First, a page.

Centralisation is the extent to which decisions are made by top management. A decentralised organisation allows middle management and/or lower-level employees greater latitude in terms of their decisions and actions. An organisation can never be totally centralised or decentralised and the challenge is to strike an appropriate balance between the two extremes. Decentralisation can help empower the workforce, support innovation and creativity but may lead to un-standardised processes. Centralisation ensures that all abide by set rules and policies, but can make people feel less empowered and therefore could build a less agile organisation.


Formalisation considers the degree of job standardisation required, applying set policies and practices to manage employees’ actions. A highly formalised organisation is characterised by clearly defined job roles, numerous policies and directives, and well explained guidelines for carrying out different work procedures. Employees have little authority over strategic planning initiatives and how they are implemented. On the contrary, employees can work more independently in less formalised organisations.


Some organisations create vertical hierarchies with clearly defined job roles and a higher degree of management supervision, resulting in a centralised culture. Such rigid bureaucratic organisations are said to have a mechanistic structure. These organisations have a consistent image delivering a highly standardised service, with little or no variation. In contrast, other organisations can be extremely adaptive, with flexible job roles and organic structures open to transformation as and when needed. People are authorised to make decisions based on their experience and skills, rather than organisational position.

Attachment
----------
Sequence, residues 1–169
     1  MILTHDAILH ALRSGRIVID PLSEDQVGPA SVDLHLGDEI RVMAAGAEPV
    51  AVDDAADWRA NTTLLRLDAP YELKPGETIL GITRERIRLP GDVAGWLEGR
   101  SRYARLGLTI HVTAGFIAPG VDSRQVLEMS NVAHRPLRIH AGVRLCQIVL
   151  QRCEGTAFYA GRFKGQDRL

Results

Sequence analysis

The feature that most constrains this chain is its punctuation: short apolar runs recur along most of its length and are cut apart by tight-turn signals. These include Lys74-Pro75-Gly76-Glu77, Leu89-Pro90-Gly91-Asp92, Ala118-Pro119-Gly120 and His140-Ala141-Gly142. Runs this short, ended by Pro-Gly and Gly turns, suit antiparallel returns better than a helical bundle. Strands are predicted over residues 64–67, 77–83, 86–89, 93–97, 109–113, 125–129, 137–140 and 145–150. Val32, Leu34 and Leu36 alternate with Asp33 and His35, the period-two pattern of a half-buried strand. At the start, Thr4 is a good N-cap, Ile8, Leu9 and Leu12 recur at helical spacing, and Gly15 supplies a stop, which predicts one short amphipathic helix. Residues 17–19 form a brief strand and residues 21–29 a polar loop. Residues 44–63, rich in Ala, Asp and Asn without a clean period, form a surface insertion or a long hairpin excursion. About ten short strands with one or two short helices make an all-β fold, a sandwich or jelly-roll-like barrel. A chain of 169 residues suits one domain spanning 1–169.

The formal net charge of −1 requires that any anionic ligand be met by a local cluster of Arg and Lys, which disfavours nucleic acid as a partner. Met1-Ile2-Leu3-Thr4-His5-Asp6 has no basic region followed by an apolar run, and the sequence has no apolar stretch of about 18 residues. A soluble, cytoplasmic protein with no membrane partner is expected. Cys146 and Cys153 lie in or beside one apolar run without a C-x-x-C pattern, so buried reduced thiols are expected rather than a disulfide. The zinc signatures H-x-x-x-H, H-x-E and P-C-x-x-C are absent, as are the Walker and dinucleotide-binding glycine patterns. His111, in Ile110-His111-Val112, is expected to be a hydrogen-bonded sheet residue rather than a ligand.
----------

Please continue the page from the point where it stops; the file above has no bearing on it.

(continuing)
Functional Structures are formed when work division is based on the expertise, training and qualification of staff members. Departments such as finance, production, marketing, human resources and IT characterise such approaches. Employees working in each department share common interests, career prospects and shared learning approaches. However, if different departments view organisational goals differently, a functional structure may lead to conflict between different groups. Also, functional areas may not be aware of the external challenges facing the organisation due to limited coordination with other departments.